Hiking With Your Dog- Training Tips.

11 Best Training Tips For Hiking With Your Dog

If you plan on hiking with your dog then you’re in the right place. I have so many things I’d love to share with you including those that I wish I knew or had someone to show me when I first began hiking with my German Shepherd.

I may be biased but I have a feeling you’ll soon agree that hiking with dogs makes the overall experience much more enjoyable. That is if they behave and all goes well.

This post is geared towards the 11 best training tips for hiking with your dog. Whether you have a puppy, rescued an adult dog, or are just starting out hiking yourself, these tips are going to help prepare you both for a positive experience on the trails.

Don’t miss these other helpful posts for hiking with dogs:

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Training Tips For Hiking With Your Dog

Quick disclaimer here- I am no where near a professional dog trainer. I have, however, raised and trained my German Shepherd, Monty, on my own and learned so much from my experience. After raising him and training him on the trails myself I’ve compiled 11 helpful tips which consist of things I wish I knew beforehand, things I did right, and things I’d do differently next time.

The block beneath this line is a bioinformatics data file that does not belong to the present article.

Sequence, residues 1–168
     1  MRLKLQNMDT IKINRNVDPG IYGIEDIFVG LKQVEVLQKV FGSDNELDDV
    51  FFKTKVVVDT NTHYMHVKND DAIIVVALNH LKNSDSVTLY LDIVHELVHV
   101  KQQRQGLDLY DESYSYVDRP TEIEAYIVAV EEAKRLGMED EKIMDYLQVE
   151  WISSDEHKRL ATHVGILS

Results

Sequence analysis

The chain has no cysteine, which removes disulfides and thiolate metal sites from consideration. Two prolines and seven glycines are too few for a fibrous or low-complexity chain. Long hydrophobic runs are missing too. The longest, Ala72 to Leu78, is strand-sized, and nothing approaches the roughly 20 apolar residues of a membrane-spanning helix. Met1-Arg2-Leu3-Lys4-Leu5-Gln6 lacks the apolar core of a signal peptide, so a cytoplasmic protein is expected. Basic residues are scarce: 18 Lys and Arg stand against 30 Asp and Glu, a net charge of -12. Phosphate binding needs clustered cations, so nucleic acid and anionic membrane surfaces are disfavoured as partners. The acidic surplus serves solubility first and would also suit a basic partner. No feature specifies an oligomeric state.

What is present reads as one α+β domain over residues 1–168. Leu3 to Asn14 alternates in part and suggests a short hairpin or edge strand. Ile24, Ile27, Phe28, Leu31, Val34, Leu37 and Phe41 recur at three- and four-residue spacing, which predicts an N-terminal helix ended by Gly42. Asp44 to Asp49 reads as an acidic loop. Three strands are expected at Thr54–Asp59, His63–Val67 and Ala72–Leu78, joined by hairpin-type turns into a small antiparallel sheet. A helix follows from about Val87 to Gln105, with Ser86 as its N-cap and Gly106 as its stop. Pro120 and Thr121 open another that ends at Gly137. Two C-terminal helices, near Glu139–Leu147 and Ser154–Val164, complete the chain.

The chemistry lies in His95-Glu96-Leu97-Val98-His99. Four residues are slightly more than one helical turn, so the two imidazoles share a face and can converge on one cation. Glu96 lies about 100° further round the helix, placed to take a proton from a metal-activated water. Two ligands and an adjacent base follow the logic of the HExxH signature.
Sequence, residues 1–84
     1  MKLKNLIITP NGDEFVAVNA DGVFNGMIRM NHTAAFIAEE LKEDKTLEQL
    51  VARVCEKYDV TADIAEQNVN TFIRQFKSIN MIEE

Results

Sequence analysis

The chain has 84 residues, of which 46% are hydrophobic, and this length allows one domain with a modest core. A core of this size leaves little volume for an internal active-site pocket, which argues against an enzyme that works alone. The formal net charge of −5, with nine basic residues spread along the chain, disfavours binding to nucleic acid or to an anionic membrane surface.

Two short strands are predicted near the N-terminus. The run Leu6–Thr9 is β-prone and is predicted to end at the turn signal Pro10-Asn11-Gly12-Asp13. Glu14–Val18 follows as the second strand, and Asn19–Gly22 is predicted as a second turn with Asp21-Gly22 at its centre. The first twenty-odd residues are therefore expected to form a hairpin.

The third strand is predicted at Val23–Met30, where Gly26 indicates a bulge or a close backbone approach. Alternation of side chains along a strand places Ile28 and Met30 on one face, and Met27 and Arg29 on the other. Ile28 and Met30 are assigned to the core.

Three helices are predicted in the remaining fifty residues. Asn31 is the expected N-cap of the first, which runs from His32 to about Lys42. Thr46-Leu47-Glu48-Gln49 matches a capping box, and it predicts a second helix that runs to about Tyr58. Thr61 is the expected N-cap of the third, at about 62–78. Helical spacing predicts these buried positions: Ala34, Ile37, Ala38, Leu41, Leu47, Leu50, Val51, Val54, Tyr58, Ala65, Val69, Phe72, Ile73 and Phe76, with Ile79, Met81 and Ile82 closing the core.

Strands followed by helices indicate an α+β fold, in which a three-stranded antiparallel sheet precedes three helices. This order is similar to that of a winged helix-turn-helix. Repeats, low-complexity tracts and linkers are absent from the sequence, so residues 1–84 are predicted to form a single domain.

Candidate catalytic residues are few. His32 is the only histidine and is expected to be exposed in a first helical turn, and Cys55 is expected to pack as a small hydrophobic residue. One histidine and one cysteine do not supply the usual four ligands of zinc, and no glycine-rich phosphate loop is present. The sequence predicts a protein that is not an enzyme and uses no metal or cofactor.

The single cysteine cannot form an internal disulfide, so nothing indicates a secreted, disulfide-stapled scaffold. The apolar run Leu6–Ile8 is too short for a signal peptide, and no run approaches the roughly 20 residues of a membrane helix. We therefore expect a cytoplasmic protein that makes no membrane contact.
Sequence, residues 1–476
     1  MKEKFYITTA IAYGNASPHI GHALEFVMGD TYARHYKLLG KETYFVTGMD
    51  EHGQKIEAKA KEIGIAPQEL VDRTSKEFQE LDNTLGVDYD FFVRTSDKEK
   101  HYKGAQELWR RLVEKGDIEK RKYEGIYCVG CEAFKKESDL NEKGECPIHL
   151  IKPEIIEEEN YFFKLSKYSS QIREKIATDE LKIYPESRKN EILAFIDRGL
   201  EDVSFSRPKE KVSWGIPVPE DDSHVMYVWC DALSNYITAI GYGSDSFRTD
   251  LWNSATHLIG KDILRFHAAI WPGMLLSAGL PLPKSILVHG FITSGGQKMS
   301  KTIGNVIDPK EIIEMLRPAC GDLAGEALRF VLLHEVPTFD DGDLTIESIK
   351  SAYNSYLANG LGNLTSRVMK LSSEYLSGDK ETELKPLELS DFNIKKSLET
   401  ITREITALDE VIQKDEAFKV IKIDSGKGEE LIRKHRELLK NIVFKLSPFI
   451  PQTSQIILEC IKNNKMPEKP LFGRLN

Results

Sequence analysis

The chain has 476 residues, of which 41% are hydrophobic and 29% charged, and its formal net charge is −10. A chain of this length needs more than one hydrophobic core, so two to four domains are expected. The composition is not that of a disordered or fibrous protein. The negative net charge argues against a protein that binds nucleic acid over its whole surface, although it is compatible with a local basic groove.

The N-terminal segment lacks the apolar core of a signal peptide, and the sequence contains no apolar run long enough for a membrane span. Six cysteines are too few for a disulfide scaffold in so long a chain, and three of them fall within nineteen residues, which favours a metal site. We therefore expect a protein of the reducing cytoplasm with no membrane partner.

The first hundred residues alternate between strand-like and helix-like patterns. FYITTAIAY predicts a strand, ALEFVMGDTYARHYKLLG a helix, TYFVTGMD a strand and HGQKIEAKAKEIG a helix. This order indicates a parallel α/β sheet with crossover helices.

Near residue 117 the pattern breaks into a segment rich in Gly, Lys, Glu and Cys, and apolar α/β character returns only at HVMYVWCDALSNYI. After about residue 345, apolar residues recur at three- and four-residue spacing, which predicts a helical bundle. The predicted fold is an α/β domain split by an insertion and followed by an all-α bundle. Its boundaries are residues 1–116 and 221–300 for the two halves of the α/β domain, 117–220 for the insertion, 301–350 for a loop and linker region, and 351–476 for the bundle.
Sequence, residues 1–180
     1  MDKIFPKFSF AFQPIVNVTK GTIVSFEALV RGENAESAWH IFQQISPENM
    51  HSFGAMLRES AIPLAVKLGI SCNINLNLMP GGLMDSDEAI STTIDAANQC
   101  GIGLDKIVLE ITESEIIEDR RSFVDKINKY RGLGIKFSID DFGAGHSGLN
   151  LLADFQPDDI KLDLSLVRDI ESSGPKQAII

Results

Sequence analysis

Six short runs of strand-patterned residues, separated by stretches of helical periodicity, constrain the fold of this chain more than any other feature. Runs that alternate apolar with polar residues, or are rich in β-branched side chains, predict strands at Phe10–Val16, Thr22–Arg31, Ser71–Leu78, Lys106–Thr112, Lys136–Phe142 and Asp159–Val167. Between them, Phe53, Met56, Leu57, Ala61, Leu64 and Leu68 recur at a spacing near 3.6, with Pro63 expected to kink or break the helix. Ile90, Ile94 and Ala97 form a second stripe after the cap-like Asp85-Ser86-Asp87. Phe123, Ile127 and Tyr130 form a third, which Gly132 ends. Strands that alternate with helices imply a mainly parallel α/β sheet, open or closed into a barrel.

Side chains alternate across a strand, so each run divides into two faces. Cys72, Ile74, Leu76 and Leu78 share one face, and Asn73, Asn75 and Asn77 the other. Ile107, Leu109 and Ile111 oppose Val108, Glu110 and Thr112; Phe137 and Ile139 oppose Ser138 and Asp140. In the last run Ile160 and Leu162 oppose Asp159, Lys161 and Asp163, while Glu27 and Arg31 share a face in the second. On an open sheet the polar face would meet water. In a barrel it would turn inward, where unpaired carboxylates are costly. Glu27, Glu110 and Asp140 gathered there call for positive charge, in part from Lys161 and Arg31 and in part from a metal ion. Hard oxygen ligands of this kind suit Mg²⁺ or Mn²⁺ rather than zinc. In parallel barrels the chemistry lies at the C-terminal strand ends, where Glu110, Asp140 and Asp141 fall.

I hope these tips will help you prepare and organize what to focus on when training your dog for the trails!

1. Start Them Young

First thing first- if at all possible it is ideal to start training your trail dog when they’re young. Of course this is difficult to do if you rescue an adult dog (nothing wrong with that!) or get into hiking with your dog later in their years. But, it is a no brainer that its typically easier to train a young pup to develop good habits than an adult dog to break old ones.

You don’t want to start hiking with your dog too soon, though. Speak with your veterinarian about when would be a good time to take them on longer walks and how quickly to increase mileage. The more experience they can gain in the outdoors- even if you carry them- is best!

What I truly believe helped shape Monty into a great trail dog was our solo trips. When he was 6 1/2 weeks old I began carrying him up little mountains within Phoenix and then when he was 5 months old we ran off to Utah for our first solo road trip which consisted of various hikes. Once we got back home he was a different dog and this stayed true for the year after and the year after that. During these trips he was able to gain experience, mature, and hone in on the training. Which never stops by the way!

2. Socialize Your Pup

There are countless benefits to properly socializing your dog with both people and other dogs. The truth is you won’t be alone on the trails so socializing your dog beforehand will help them react in a healthy way when passing others. The goal is to have them feel relaxed and not full of anxiety, fear, or aggression. This way hiking with your dog will be a more positive experience for everyone involved.